18th century fox

Crazy Like a Fox sees economic collapse as its comeback

Crazy Like a Fox
Rated: PG-13
WorkNameSort: Crazy Like a Fox
Our Rating: 2.00

The Orlando film market has been host to all manner of weirdness before. Just in the last year, I'm reminded of the epic tales that emerged from a sloshed-college-kids-only preview of I Hope They Serve Beer In Hell, not to mention several ill-fated test-market runs of Christian parable flicks and a memorable night with a (rumored) drunken and confused Seymour Cassel. 

All of which seem like blips on the radar next to the truly absurd story behind this week's opening of Crazy Like a Fox, a 2004 film that played to a couple of festivals years ago, then dangerously excised the most neutral sentences of its almost completely negative reviews and spun them into blurbs of praise and finally plopped out on DVD a couple years back. Why now? 

The answer can be found in the film's basic setup, a ludicrously pat North vs. South modern warfare premise that positions an old coot (played with desperation by British Shakespearean veteran Roger Rees) whose 700-acre patch of Virginian land is being seized upon by unfeeling big-city Northerners named the Shermans. You read that right: the Shermans. The Shermans are willing to pay millions to raze the farmer's Revolutionary War-era home in favor of vague-but-evil 'development.â?� The farmer, Nat Banks, goes crazy, dresses up in a Confederate general's garb and drags his family into a squatting protest. Eventually, the town gets behind wacky Nat and, when the Unioners take him to court, they're met with resistance by a hilariously unethical judge who's somehow related to Nat and flaunts his conflict of interest right in those Northerners' moisturized faces.

Of course there's a loose parallel here to today's economic downturn, which has caused thousands of foreclosed-upon homeowners to rediscover the joys of squatting just before the police smash in their doors. Fox director Richard Squires has decided to seize upon our moment of national heartache and cynically re-release his pabulum using Orlando as a test market. Lucky us!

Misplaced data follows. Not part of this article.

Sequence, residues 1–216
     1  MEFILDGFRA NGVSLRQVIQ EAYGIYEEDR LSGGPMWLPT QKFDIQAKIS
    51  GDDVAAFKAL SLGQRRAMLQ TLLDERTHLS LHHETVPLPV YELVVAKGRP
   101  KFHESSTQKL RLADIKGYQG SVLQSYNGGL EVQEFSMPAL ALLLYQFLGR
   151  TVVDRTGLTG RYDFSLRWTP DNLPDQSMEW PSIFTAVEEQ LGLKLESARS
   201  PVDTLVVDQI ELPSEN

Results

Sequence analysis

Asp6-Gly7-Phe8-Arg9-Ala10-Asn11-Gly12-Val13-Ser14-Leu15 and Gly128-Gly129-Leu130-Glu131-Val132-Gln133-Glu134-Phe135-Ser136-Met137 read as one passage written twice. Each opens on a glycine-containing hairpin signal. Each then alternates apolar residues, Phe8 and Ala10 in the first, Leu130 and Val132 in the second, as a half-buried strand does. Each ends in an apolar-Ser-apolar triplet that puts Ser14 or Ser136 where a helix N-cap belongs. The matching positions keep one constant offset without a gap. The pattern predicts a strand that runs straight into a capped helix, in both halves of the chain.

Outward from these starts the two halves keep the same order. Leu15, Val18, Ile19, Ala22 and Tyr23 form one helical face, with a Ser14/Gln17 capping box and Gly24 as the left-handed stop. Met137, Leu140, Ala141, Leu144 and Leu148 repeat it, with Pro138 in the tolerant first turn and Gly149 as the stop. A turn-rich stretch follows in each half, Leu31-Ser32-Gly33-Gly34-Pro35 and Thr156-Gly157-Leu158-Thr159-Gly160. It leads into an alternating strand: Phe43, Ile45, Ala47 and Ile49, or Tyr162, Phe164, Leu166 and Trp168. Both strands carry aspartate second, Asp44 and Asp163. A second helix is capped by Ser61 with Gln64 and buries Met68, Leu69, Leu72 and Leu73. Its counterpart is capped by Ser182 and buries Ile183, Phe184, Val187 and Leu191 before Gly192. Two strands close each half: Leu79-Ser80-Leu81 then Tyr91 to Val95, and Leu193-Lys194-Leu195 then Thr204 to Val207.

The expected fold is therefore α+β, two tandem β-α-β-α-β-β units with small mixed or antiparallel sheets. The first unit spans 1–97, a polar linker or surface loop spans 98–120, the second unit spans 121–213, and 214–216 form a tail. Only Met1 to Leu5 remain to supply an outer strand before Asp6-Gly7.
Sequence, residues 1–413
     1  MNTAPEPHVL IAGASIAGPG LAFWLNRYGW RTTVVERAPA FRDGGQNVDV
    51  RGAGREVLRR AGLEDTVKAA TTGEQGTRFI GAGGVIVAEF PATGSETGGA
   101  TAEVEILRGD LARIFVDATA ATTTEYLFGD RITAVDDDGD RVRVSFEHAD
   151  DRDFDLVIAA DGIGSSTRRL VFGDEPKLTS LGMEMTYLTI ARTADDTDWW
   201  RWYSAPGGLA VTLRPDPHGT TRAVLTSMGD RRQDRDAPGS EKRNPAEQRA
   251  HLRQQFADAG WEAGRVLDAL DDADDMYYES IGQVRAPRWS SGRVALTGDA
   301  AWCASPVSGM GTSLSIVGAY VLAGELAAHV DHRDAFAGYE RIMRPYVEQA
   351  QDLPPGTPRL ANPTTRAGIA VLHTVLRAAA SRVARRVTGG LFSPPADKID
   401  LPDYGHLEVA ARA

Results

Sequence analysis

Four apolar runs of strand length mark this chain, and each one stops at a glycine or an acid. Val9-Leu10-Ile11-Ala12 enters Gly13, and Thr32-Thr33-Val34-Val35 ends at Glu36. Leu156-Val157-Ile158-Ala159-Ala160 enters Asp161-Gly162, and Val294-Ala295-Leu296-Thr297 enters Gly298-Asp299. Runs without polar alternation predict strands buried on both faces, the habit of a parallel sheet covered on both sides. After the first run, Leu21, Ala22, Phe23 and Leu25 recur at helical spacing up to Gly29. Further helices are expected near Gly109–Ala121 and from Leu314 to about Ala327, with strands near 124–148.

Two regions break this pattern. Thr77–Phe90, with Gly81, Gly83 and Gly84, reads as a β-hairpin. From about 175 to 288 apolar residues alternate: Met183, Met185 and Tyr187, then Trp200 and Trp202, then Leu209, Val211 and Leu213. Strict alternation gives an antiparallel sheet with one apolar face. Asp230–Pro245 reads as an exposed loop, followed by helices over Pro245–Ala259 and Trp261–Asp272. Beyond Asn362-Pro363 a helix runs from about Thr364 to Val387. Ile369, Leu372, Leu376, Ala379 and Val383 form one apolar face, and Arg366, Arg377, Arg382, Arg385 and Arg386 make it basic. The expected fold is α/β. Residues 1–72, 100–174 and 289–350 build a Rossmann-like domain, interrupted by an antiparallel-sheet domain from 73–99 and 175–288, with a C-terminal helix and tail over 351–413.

Besides the camp factor of the film's outrageously static cinematography and its contemptuous portrayal of 'big-city folk,� Fox is perhaps most notable for its pretensions of nobility that shroud its down-home naivety. 'Farming's not a business,� says Nat, 'it's a way of life.� (Archer! Daniels! Stop rolling around on the floor laughing!) 

Here's another: 'I know my rights, goddamn it!� exclaims an exasperated Sherman. 'All you bullshit lawyers do!� responds the judge, who must truly hate his job where he's surrounded by bullshit lawyers and their bullshit law-spouting all day long. 

At the risk of Squires taking his rose-colored scissors to this review as well, some semblance of defense of the actors is in order. Rees, though he can't shake his English accent all the way, is always watchable, even in his worst of times, and two-time Oscar nominee Mary McDonnell (Passion Fish, Dances with Wolves) looks like she knows she's in a stinker and puts on a brave face anyway. But with its South-baiting, simplistic script and clunky direction, Crazy Like a Fox deserves to be evicted. 


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